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The dripping water bomb

Education is vital to prevent a catastrophic water crisis in South Africa. However it is up the individuals to take action with the knowledge they learn. South Africa is on the brim of a disastrous water crisis. A crisis that spread across the entire country and it is not limited the the droughts of the Cape or the acid mine water of our mining region.

water scarcityIf local authorities were able to take sufficient action that would be desirable, however at some point there is a shift to where communities need to help themselves. This include individuals taking action and securing their future. A strike or protest can not achieve much if the local authorities are unable meet the communities level of need.

Trade unions need to be involves but teeming together and protesting against a lack of service delivery does not accomplish much when member of the unions may be the ones that are sabotaging their own community’s development. There is not only one issue that needs to be address but several.

South Africans are aware of the threats that face our water security. We now need to become informed of how you and I can insure our future, a future that includes fresh water for all. How would you be able to empower yourself today?

The following extract from IOL

Trade unions are turning up pressure on the government to tackle the country’s dirty water “time bomb” as a matter of urgency – or face the prospect of national protest action.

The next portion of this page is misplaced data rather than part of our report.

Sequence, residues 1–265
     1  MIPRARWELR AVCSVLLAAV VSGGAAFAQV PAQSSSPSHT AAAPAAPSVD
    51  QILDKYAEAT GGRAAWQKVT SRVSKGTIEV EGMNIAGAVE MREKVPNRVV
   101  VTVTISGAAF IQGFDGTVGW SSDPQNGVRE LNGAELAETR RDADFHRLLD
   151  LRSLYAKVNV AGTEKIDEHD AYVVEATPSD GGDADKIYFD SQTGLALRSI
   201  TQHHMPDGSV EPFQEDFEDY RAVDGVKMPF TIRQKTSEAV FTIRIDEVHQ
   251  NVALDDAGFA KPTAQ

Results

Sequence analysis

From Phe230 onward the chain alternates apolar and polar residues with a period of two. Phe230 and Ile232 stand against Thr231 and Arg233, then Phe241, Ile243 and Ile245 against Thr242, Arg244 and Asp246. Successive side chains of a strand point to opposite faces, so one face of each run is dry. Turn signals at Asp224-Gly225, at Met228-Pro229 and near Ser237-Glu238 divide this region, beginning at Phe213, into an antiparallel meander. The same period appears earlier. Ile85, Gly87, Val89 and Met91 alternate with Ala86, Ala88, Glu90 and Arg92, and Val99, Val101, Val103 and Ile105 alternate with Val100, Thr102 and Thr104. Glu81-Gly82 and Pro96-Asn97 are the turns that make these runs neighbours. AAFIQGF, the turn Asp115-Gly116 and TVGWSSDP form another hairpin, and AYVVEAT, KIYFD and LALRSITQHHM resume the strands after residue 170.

The Federation of Unions of SA (Fedusa), the second-largest trade union group in the country, warned yesterday that the government was neglecting the management of clean water, including scores of overflowing sewage treatment works that should be placed in “intensive care”.

Fedusa said it would prefer to see the problems resolved in the interests of the public rather than embarking on protest action, but it had nevertheless served a warning notice on the government last month in terms of section 77 of the Labour Relations Act.

This allows worker groups to embark on protected strike/protest action to promote or defend socio-economic interests if grievances cannot be resolved by the National Economic Development and Labour Council (Nedlac).

In a memorandum to the government, Fedusa said it was no longer a secret that South Africa’s water security was under threat.

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